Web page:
The oyster farm is so fascinating that I decide to come another day and check it out. To tell that I have no doubts about this adventure would be a lie. I am terrified, but my curiosity takes over, as usual.

It is a ten-minute walk in the soft, wet sand, between the pools of water. Sometimes my feet sink in the sand, and my heart sinks too. I keep closer to the poles, but have no idea how it would help if the sand swallows me. I just hope the poles are marking a safe path.

I have a longer lens, so I don’t have to come too close, and can take my pictures from a distance. The workers are doing something with the mesh bags full of oysters – inspect them, and flip them over. They don’t pay any attention, except for an older man, who looks in my direction a few times, and then speaks something. I wave to him and try to listen to what he is saying. I would love to interview him for this blog. Then I hear “… shove that camera in your face…” and quickly realise that my time has expired. With the broadest smile, I wave to him again, take a few more shots and walk back.

oyster farming

With no interview, I had to look up the oyster farming in the internet. Here is what I have learned.

In Ireland, they cultivate Irish native flat oyster, available from September, and Pacific Gigas, available all year. The Gigas was introduced in the 1980s, and from what I have seen, this particular farm cultivates exactly the Gigas species.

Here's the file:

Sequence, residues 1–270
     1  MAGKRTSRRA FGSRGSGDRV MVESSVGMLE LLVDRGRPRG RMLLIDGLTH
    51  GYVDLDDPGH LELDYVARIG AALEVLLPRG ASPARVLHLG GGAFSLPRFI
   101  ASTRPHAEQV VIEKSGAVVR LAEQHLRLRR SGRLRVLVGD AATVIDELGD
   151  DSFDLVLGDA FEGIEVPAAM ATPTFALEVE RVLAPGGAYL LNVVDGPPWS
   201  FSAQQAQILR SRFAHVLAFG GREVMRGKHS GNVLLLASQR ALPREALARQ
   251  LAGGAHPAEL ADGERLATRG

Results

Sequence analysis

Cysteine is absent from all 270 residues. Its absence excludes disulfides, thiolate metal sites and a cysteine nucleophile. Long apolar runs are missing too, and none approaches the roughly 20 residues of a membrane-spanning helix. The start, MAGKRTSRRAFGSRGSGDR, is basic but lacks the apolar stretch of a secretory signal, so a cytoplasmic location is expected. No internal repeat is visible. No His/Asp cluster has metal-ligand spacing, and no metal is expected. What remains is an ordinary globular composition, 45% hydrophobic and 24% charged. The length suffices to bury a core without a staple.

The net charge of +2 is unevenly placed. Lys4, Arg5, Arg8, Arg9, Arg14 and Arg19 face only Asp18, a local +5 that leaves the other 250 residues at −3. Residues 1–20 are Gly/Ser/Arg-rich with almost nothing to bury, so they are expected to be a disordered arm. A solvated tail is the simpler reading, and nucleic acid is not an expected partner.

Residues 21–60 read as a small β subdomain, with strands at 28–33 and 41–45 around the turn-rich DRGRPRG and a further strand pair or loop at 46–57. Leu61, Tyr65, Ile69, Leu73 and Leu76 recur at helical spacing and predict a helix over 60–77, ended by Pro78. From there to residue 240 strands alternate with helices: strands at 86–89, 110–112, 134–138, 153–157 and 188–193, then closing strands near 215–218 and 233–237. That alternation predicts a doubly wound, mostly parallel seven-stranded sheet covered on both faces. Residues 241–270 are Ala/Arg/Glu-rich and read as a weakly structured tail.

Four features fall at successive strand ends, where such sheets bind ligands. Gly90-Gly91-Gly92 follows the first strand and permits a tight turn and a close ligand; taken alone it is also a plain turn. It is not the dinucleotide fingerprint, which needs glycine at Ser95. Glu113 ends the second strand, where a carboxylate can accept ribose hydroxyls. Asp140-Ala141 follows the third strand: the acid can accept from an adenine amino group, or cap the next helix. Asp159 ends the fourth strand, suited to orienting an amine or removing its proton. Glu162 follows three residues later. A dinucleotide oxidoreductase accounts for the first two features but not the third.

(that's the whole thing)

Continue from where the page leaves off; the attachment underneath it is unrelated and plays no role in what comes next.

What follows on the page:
The tidal waters of Waterford Harbour are flushing the oysters twice a day, providing them with natural food. Bag-cultured oysters mature more quickly than those that are beach grown, it is why the bags have to be regularly thinned and flipped over, otherwise the oysters will develop a wrong shape.

The Gigas oysters take about three years to reach market size ( about six years for the native Edulis species). Oysters are cultivated to the size of spat first, to the point at which they attach themselves to a substrate. Then they are set out to mature.

There were many empty trestles that made an interesting picture.

oyster farming

These are the oyster bags. The holes are very small, but I could say that the oysters were the size of a half-palm.

oyster farming

oyster farming

On my way to the shore, I take some pictures. The distance is quite remarkable.

woodstown beach

I am trying not to step on the coiled castings of lugworms. Nearly there!

 

oyster farming

I found a broken oyster bag in the sand after a storm last year. I didn’t know how long it was there, and were the oysters still alive or already dead, so I let them be.

oyster farming

What made me sad, was the pattern of mesh on the shells.

oyster farming

We are leaving Woodstown, and drive another 5km. Passage East is a tiny village, but it is very important to the locals because of the ferry service between Co Waterford and Co Wexford.

Passage East

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Passage East

I have already mentioned Passage East village in my blog post Goats and Monkeys. A huge herd of goats is living in the hills, and sometimes they come down and cause a traffic jam. This billy goat is the leader of the herd. His diabolic looks are quite impressive.

Passage East goat

Here is the ferry, and some day we will cross the river and go to visit places around the Waterford Harbour.